Rep. Paul Marquart, DFL-Dilworth, has squandered his credibility by vehemently opposing the Fargo-Moorhead diversion. His ham-handed refusal to recognize the benefit of permanent flood control for the entire F-M metro, including Dilworth, suggests he's more interested in making nice with Gov. Mark Dayton than in the welfare of the community he says he represents. His anti-diversion rhetoric has made it impossible for him to part of any rational discussion of how to tweak the project to accommodate legitimate objections. He should be turned out of office.
Admittedly, Marquart is one of the Minnesota Legislature's tax experts. But expertise does not necessarily translate into good tax policy. During his time as House District 4B representative, the tax burdens for small business and homeowners have not significantly lightened. But tax policy and other matters are secondary to his agreeing with the Department of Natural Resource's poorly justified denial of a diversion permit.
His challenger, Ben Grimsley, R-Detroit Lakes, said the DNR overstepped its authority regarding the diversion and did not "have a good answer for not permitting ..." He's right. Marquart, who seems more adept at playing politics in St. Paul than representing the home front, is wrong. Time for a change.
On the other side of the diversion debate, Rep. Ben Lien, DFL-Moorhead, has been a steady and moderate voice in the debate. Having studied the project, he has concluded "the diversion is the best way to provide the long-term 500-year flood projection Moorhead needs." In that assessment, he's in step with the Moorhead business community and the majority of the Moorhead City Council.
Lien's opponent in District 4A, Jordan Idso, R-Moorhead, supports the diversion, but is wrong about one of the most important provisions that benefits Moorhead, the Border Cities Enterprise Development Zone Program. Idso would scrap the program for a "ground-up" solution to cross-border business disparities. It won't work because the economic and regulatory playing field is tilted against Moorhead because of the tax and regulatory regimes in North Dakota. Lien would make the program permanent. He's right. Lien has earned re-election.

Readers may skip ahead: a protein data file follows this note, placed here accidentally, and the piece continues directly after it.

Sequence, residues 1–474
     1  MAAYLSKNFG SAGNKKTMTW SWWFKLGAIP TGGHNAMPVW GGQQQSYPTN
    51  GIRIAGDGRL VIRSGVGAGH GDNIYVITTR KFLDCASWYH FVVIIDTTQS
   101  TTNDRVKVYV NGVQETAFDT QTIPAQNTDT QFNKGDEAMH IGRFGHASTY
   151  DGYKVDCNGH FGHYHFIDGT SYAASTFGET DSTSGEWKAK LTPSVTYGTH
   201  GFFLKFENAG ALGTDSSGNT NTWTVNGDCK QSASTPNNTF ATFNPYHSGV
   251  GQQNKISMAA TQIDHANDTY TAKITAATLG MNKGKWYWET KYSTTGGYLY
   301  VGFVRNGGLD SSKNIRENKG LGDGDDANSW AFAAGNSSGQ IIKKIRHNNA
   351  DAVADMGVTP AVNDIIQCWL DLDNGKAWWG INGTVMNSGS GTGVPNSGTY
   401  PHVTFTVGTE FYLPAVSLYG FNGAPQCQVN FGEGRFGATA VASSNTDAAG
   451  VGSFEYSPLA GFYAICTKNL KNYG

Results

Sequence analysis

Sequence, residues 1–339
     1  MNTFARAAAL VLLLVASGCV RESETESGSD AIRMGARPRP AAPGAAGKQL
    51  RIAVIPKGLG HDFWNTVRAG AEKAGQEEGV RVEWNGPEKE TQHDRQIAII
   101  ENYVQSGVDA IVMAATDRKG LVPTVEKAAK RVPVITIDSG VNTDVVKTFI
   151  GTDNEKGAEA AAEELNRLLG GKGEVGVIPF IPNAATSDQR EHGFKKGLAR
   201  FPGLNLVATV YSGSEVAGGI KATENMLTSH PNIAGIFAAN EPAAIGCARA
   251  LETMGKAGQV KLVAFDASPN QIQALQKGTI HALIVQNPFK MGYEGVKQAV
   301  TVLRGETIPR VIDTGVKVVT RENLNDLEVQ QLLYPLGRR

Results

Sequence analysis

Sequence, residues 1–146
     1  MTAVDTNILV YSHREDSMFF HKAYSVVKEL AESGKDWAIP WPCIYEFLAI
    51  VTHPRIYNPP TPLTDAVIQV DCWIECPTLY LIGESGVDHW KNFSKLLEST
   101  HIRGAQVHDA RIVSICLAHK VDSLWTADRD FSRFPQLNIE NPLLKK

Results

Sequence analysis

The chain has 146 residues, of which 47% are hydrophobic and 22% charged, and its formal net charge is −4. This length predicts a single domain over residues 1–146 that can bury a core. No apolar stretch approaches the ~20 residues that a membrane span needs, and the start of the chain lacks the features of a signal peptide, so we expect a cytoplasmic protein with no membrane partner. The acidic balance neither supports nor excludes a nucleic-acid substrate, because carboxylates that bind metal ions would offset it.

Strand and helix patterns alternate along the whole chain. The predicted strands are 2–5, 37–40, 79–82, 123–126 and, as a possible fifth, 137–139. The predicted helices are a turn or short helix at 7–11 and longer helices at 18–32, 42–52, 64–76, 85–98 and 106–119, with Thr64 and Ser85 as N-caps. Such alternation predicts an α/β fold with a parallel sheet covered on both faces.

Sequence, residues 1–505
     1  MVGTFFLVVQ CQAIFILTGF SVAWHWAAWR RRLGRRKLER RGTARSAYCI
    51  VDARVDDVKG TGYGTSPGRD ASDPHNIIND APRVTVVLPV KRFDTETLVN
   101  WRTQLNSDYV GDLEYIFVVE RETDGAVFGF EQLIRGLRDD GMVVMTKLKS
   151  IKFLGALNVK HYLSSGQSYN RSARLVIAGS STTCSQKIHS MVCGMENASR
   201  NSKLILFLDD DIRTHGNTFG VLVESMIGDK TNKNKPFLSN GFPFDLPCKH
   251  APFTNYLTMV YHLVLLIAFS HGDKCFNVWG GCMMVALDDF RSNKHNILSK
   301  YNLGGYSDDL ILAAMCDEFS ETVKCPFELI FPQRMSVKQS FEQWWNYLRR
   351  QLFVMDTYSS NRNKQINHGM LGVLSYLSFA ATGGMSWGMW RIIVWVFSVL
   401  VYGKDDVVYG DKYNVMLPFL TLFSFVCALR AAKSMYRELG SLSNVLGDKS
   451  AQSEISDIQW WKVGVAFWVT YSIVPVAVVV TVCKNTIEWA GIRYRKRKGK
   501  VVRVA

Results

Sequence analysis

The same goes for District 4 Sen. Kent Eken, DFL-Twin Valley, one of the more thoughtful and compassionate legislators in the state Senate. His low-key and informed approach to sometimes heat-generating issues is effective. His rational support for the diversion was recently expressed in a letter to The Forum, co-signed by Lien. He understands the need for the project, and wants to be part of solutions to problems upstream, without a Marquart-style wholesale rejection of the plan.
Eken's challenger is James Leiman, R-Ada. He says his campaign has been sidetracked by unfair emphasis on the fact he is a new resident of the district. That might be true, but it has been his focus on that circumstance that has caused the problem he decries. He charged Eken is more interested in imposing more regulation rather than in stimulating economic development. The record does not show that. Eken should be re-elected.
Editorials represent the opinion of Forum management and the newspaper's Editorial Board.